I arrive at the meeting some six minutes later. The office where I work is small, but held in a large tower of companies, with huge glass windows and a neutral colour scheme. Resenting the idea of professionalism, my mother had painted our office with every colour of paint she could get her hands on, so it currently looks like the studio of an angry and confused artist. If she’d been allowed to paint the rest of the building, I’d fear for the occupants of the other floors.
The furnishing of the board room had a similar treatment. My father, who runs the accounts and the staffing of the company, had managed to talk my mother into chairs and a large table, but that was as far as he’d managed. I enter the room to find four men in expensive suits sitting on brightly coloured plastic chairs, that were made for schools, not offices. From appearances, I can see what my mother meant by important. I realise my lateness has let the company down.
“Excellent Sena, glad you’ve decided to join us,” my mother proclaims and I take a seat near the door.
“Great,” one of the suits says. “Now, you understand the privacy of this investigation we require?”. My mother nods and babbles some stuff about a privacy clause and I zone out briefly before paying attention to the suits’ reply. “We will require that yes. This matter is of a sensitive nature to the public interest and we’d like to see it kept private.”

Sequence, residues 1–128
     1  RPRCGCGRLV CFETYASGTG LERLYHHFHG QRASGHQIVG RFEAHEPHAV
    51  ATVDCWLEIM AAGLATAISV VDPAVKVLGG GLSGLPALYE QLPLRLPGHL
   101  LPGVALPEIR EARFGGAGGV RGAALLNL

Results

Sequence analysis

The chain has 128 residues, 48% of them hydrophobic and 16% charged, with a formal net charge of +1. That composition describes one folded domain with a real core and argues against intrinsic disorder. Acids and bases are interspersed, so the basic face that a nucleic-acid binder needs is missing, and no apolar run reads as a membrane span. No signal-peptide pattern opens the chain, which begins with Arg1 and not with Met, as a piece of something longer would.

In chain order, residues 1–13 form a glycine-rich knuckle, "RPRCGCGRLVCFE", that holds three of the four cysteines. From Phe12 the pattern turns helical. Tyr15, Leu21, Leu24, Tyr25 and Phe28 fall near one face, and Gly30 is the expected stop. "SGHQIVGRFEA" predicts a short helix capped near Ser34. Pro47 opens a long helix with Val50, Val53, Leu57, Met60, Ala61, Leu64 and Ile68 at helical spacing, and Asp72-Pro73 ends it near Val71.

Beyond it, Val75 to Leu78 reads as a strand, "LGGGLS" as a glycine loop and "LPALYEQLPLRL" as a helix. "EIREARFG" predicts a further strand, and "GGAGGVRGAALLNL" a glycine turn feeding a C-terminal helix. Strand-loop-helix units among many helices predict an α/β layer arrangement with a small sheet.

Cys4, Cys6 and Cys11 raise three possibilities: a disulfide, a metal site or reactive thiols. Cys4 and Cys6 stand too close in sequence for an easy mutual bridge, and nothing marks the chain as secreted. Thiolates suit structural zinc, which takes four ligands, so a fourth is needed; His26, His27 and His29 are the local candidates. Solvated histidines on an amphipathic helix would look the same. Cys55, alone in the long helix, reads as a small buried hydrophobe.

“What do you know of John Salem?” another suit enquires.
“We know who he is.” I reply. Everyone knows John Salem. John Salem invented the trees. Except, we don’t really know him. We know his name, but we don’t know his face, or anything other than he’s the man who made the trees, the man who saved us. Every January, the world celebrates John Salem day, celebrating his achievement and the existence of the after. The after is a miracle, not made by a God, but by science and the brilliance of man kind. The brilliance of men like John Salem.
“Of course,” the suit continues, mimicking my mothers previous answer. “Then you’ll understand the importance of what we’re going to tell you.”
I can see what they’re going to say coming. And I see why everything is so serious and important. Times like these make me wish we did have a purpose, rather than just investigating anything, because then we wouldn’t have to do jobs like these. Clearly John Salem is missing, presumed dead.
A few months ago, we had a similar case. The 14-year-old daughter of a billionaire, bought to our attention by her mother, had simply disappeared from her room at night. There was no kidnapper, and no ransom, but also no trace of her. We found her body in an abandoned warehouse eight days later.
I go to reply but my mother gives me a warning look and replies instead. “Continue, please.”
“John Salem lives a simple life, in a modest house, alone. His only contact with the outside world is with us, and recently he has been unobtainable. There is no evidence of him leaving his home, and our cameras and guards have not seen him leave, yet there is no evidence of him being there either. He’s simply vanished.” the second suit says dramatically. I sense the drama degree on his walls at home.
“Could you not just break in?” I enquire. My mother rolls her eyes and mouths business at me. I mouth back an apology.
“We have of course tried.” the third suit says, speaking for the first time.
The fourth suit stands, and I think he’s going to leave in disgust, but he instead places a briefcase on the table. He opens it with precision and then takes out two brown envelopes, one which he slides across the glass table to my mother and the other to me.
“We require you to find John Salem. Search his house for possible break ins, stake out the area. Find out where he is” the first suit speaks again.
My mother closes the deal and they leave. I still have questions, but I sense my mother is getting ready to shout at me for almost ruining an important deal. She does.